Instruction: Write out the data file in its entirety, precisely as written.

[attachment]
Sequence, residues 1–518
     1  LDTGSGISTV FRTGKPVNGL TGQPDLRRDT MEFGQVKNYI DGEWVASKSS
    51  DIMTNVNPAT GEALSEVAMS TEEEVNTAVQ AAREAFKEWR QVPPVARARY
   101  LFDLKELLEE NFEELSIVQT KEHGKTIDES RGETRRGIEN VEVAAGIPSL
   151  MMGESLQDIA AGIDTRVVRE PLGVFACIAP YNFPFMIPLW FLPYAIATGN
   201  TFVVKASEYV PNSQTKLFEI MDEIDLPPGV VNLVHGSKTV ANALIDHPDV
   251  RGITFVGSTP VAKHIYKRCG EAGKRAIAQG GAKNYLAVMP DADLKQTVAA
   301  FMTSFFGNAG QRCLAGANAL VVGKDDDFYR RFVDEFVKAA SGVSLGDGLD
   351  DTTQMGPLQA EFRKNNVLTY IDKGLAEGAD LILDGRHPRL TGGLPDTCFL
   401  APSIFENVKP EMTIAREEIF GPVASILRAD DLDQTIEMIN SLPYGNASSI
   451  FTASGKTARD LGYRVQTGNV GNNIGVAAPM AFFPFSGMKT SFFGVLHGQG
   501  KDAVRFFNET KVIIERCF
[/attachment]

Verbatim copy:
Sequence, residues 1–518
     1  LDTGSGISTV FRTGKPVNGL TGQPDLRRDT MEFGQVKNYI DGEWVASKSS
    51  DIMTNVNPAT GEALSEVAMS TEEEVNTAVQ AAREAFKEWR QVPPVARARY
   101  LFDLKELLEE NFEELSIVQT KEHGKTIDES RGETRRGIEN VEVAAGIPSL
   151  MMGESLQDIA AGIDTRVVRE PLGVFACIAP YNFPFMIPLW FLPYAIATGN
   201  TFVVKASEYV PNSQTKLFEI MDEIDLPPGV VNLVHGSKTV ANALIDHPDV
   251  RGITFVGSTP VAKHIYKRCG EAGKRAIAQG GAKNYLAVMP DADLKQTVAA
   301  FMTSFFGNAG QRCLAGANAL VVGKDDDFYR RFVDEFVKAA SGVSLGDGLD
   351  DTTQMGPLQA EFRKNNVLTY IDKGLAEGAD LILDGRHPRL TGGLPDTCFL
   401  APSIFENVKP EMTIAREEIF GPVASILRAD DLDQTIEMIN SLPYGNASSI
   451  FTASGKTARD LGYRVQTGNV GNNIGVAAPM AFFPFSGMKT SFFGVLHGQG
   501  KDAVRFFNET KVIIERCF